The most inane insta-pundit commentary had it that the 2012 election “hadn’t really changed anything,” what with President Obama still in the White House, the House still in Republican hands, and the Senate still controlled by Democrats. The truth of the matter, of course, is that a great deal changed, somewhere around 11 p.m. EST on Tuesday, November 7, when Ohio was declared for the president and the race was effectively over. To wit:
Obamacare, the governmental takeover of one-sixth of the U.S. economy, is now set in legislative concrete, and the progressive campaign to turn ever-larger numbers of citizens into wards of the state has been given a tremendous boost — with electoral consequences as far as the eye can see.
A war in the Middle East is now almost certain, and sooner rather than later; as if the previous three and a half years of fecklessness were not enough, the cast of mind manifest in the administration’s abdication of responsibility in Benghazi will have likely convinced a critical mass of the Israeli leadership that they have no choice but to strike Iran’s nuclear facilities in self-defense. The economic chaos resulting from military conflict in the Persian Gulf (and beyond) will further deepen the European fiscal crisis while making an already weak American economic recovery even more anemic.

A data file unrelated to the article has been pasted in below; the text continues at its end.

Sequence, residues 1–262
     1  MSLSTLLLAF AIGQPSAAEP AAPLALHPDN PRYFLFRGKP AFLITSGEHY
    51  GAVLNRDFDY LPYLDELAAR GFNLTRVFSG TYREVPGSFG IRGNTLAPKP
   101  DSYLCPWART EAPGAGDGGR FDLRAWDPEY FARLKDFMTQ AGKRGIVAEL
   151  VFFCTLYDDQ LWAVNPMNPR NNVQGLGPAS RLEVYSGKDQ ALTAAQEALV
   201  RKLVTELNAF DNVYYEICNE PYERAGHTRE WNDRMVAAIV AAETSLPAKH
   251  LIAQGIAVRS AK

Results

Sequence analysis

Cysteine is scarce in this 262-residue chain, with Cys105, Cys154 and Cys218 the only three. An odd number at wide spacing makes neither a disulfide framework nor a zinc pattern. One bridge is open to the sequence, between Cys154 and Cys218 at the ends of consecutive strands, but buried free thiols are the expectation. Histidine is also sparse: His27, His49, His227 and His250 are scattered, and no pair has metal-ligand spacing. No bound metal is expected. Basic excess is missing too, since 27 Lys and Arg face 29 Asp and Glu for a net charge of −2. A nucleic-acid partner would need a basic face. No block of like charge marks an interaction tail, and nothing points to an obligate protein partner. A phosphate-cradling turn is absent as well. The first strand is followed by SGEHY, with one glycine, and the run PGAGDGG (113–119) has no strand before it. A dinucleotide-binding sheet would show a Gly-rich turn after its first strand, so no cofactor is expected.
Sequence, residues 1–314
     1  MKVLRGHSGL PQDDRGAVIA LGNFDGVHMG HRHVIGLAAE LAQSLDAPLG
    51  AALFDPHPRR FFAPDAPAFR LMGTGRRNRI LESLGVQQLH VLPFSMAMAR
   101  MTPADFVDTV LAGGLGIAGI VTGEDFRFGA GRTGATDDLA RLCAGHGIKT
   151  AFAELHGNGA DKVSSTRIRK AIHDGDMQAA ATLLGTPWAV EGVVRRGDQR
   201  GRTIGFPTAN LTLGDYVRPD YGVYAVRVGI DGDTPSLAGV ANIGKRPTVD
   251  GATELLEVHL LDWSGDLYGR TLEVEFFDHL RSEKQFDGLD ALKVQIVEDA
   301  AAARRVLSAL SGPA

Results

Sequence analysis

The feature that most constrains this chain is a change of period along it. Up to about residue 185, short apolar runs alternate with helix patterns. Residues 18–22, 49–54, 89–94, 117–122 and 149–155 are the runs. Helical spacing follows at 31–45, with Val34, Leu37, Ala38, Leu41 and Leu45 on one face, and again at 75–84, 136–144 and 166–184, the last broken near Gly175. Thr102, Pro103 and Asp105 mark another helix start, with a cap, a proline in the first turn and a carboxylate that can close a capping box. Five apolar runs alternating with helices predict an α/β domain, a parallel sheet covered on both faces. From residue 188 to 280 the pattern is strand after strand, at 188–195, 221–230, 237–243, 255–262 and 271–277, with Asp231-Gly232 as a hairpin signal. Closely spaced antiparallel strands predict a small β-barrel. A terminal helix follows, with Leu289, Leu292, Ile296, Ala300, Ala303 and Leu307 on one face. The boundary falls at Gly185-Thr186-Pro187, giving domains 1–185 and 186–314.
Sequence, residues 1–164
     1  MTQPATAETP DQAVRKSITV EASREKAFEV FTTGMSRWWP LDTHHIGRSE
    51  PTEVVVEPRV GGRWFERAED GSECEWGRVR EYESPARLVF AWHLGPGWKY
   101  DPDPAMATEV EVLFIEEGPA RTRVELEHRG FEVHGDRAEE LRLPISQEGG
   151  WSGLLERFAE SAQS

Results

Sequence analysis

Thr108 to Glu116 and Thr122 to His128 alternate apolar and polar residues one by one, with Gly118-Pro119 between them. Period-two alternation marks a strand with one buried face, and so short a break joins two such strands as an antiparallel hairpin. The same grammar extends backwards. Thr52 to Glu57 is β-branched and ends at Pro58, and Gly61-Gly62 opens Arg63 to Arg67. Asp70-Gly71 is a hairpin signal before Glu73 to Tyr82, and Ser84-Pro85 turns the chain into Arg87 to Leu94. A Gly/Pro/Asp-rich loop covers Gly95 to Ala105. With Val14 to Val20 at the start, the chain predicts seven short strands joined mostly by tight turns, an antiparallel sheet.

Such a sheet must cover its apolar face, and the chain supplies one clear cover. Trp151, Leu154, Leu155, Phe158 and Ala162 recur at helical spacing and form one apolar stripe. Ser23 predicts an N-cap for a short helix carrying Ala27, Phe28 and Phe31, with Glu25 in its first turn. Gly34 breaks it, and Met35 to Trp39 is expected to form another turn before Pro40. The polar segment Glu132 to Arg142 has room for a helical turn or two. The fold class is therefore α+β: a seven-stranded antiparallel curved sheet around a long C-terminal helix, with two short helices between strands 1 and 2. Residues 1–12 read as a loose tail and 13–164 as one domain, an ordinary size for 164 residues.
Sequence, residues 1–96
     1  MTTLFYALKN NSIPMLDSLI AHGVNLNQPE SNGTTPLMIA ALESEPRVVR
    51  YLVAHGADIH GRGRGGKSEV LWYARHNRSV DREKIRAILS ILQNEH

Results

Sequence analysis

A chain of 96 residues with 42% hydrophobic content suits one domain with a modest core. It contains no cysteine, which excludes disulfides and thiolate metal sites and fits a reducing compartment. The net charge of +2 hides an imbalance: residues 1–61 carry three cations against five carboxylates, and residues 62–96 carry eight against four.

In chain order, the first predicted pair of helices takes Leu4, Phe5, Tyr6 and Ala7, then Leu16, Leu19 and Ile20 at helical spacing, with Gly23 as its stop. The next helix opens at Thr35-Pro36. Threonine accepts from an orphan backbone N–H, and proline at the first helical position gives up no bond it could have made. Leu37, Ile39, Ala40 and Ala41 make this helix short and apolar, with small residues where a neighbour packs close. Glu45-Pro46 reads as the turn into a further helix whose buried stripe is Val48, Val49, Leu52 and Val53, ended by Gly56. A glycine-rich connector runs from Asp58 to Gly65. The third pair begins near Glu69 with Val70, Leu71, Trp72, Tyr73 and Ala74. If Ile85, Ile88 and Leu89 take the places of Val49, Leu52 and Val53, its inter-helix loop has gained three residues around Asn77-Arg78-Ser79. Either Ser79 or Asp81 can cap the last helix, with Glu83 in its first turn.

The children and grandchildren of November 6’s voters have been condemned to bear the burden of what is certainly an unpayable mountain of debt, and may be an unserviceable amount of debt, which in either case will be an enormous drag on the economy, even as it mortgages America’s strategic options in Asia to the holders of U.S. government bonds in Beijing.